Telocytes in Crohn's disease

Authors

  • Anna Franca Milia,

    1. Department of Experimental and Clinical Medicine, Section of Anatomy and Histology, University of Florence, Florence, Italy
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  • Martina Ruffo,

    1. Department of Experimental and Clinical Medicine, Section of Anatomy and Histology, University of Florence, Florence, Italy
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  • Mirko Manetti,

    1. Department of Experimental and Clinical Medicine, Section of Anatomy and Histology, University of Florence, Florence, Italy
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  • Irene Rosa,

    1. Department of Experimental and Clinical Medicine, Section of Anatomy and Histology, University of Florence, Florence, Italy
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  • Dalila Conte,

    1. Department of Experimental and Clinical Medicine, Section of Anatomy and Histology, University of Florence, Florence, Italy
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  • Marilena Fazi,

    1. Department of Surgery and Translational Medicine, University of Florence, Florence, Italy
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  • Luca Messerini,

    1. Department of Experimental and Clinical Medicine, Section of Surgery, Histopathology and Molecular Pathology, University of Florence, Florence, Italy
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  • Lidia Ibba-Manneschi

    Corresponding author
    1. Department of Experimental and Clinical Medicine, Section of Anatomy and Histology, University of Florence, Florence, Italy
    • Correspondence to: Prof. Lidia IBBA-MANNESCHI, M.D.,

      Department of Experimental and Clinical Medicine, Section of Anatomy and Histology,

      University of Florence, Largo Brambilla 3, 50134 Florence, Italy.

      Tel.: 0039 055 4271827

      Fax: 0039 055 4379500

      E-mail: lidia.ibba@unifi.it

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Abstract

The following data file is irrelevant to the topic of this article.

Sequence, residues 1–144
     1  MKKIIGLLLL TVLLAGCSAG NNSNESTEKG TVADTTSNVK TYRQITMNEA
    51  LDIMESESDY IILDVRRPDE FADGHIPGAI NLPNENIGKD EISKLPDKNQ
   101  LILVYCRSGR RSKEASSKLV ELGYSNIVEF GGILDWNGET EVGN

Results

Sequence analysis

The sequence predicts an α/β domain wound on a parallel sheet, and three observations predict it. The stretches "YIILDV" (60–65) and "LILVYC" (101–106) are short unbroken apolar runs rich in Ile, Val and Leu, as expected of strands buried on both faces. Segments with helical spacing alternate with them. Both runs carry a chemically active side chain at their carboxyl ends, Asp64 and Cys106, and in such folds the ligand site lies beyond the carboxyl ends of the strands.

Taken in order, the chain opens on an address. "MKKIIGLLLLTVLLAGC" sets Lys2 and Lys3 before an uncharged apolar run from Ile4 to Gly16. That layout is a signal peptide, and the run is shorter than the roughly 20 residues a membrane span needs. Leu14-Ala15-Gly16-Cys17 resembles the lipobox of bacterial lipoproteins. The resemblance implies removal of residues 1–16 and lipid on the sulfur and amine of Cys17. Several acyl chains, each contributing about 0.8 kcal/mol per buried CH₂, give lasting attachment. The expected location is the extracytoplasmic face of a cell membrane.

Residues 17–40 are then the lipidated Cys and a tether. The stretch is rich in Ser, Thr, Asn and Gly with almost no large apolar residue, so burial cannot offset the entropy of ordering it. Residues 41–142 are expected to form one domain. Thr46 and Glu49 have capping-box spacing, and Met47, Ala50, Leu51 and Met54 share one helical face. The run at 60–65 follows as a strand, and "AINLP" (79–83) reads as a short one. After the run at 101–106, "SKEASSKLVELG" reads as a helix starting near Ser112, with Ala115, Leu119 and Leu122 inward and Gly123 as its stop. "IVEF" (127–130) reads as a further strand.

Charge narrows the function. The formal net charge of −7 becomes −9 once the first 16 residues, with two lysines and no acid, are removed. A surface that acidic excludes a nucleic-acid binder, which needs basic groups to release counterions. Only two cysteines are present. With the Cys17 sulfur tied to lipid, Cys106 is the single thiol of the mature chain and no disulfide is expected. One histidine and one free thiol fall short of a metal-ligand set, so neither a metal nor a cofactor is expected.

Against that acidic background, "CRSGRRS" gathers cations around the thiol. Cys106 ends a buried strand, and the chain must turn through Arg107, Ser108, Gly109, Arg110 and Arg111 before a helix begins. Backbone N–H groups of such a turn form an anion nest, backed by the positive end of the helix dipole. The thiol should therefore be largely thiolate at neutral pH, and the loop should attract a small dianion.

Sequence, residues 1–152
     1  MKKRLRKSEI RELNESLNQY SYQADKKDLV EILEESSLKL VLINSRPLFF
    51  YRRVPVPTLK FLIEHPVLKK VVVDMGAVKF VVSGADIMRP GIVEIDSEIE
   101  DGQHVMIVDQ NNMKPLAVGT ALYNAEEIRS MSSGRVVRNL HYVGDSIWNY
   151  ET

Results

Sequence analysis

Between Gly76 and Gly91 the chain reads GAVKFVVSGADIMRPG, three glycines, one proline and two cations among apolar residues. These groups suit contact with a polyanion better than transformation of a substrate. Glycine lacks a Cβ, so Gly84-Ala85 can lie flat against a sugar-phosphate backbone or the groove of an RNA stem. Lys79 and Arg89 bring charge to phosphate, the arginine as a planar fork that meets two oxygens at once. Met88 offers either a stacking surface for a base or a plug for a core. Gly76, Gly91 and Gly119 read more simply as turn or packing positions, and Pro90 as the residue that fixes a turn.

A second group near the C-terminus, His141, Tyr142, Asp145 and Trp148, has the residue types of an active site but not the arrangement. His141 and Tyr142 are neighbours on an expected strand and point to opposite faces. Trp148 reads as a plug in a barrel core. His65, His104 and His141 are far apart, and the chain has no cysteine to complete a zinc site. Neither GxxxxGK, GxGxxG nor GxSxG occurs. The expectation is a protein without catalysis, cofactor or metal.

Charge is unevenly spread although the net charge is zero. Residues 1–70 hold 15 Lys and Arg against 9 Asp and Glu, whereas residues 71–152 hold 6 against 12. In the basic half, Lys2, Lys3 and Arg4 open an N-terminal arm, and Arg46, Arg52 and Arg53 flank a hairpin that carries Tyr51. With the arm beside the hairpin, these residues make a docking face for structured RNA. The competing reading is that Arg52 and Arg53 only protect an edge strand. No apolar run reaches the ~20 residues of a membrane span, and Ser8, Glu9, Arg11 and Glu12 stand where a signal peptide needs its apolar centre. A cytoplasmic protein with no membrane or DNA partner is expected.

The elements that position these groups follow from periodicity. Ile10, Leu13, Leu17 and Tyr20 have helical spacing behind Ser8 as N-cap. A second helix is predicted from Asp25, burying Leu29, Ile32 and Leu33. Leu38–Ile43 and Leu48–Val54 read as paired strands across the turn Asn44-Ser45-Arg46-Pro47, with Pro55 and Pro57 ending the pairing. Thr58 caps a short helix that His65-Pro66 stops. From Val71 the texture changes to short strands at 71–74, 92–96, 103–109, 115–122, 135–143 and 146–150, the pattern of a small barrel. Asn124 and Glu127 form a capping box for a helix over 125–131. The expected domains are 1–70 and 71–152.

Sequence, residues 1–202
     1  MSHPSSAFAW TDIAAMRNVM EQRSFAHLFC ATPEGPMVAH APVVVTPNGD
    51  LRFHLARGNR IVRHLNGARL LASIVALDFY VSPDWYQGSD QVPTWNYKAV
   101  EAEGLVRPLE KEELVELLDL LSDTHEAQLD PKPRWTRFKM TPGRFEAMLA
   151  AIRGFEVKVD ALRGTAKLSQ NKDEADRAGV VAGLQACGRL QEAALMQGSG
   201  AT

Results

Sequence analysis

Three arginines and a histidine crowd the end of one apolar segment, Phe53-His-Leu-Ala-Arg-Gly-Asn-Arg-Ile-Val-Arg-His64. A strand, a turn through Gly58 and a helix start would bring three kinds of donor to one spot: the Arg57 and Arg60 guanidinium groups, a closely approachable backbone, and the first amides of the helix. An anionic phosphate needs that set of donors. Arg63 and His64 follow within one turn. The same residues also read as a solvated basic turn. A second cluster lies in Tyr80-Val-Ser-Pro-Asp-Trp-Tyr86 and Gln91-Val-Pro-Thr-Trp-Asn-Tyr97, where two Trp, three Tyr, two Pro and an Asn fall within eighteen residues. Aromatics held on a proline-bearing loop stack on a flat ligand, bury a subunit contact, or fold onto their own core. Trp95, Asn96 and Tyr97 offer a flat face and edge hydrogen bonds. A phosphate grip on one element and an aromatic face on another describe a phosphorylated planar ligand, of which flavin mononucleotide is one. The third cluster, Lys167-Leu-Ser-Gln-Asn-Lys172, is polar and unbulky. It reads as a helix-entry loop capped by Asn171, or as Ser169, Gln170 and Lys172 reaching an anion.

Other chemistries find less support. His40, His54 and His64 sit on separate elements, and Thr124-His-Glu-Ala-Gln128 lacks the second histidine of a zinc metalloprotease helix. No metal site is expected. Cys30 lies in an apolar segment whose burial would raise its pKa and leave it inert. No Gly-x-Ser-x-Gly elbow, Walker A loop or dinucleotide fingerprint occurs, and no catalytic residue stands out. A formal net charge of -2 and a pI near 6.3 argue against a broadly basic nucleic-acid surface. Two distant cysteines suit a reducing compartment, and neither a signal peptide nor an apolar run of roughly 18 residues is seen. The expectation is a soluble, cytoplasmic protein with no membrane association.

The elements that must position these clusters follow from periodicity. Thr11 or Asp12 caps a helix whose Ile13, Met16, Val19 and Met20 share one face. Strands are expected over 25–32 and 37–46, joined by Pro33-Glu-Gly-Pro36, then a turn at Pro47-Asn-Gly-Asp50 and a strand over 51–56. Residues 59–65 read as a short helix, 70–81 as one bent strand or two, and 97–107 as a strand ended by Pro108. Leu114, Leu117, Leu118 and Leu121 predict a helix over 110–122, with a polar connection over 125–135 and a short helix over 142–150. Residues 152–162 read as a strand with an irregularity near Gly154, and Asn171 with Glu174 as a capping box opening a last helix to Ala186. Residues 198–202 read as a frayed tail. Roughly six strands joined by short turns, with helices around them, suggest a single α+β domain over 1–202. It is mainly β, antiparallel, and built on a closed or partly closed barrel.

Crohn's disease (CD) is a relapsing chronic inflammatory disorder that may involve all the gastrointestinal tract with a prevalence of terminal ileum. Intestinal lesions have a characteristic discontinuous and segmental distribution and may affect all layers of the gut wall. Telocytes (TC), a peculiar type of stromal cells, have been recently identified in a variety of tissues and organs, including gastrointestinal tract of humans and mammals. Several roles have been proposed for TC, including mechanical support, spatial relationships with different cell types, intercellular signalling and modulation of intestinal motility. The aim of our study was to investigate the presence and distribution of TC in disease-affected and -unaffected ileal specimens from CD patients compared with controls. TC were identified by CD34/PDGFRα immunohistochemistry. In affected CD specimens TC disappeared, particularly where fibrosis and architectural derangement of the intestinal wall were observed. In the thickened muscularis mucosae and submucosa, few TC entrapped in the fibrotic extracellular matrix were found. A discontinuous network of TC was present around smooth muscle bundles, ganglia and enteric strands in the altered muscularis propria. At the myenteric plexus, the loss of TC network was paralleled by the loss of interstitial cells of Cajal network. In the unaffected CD specimens, TC were preserved in their distribution. Our results suggest that in CD the loss of TC might have important pathophysiological implications contributing to the architectural derangement of the intestinal wall and gut dysmotility. Further functional studies are necessary to better clarify the role of TC loss in CD pathophysiology.

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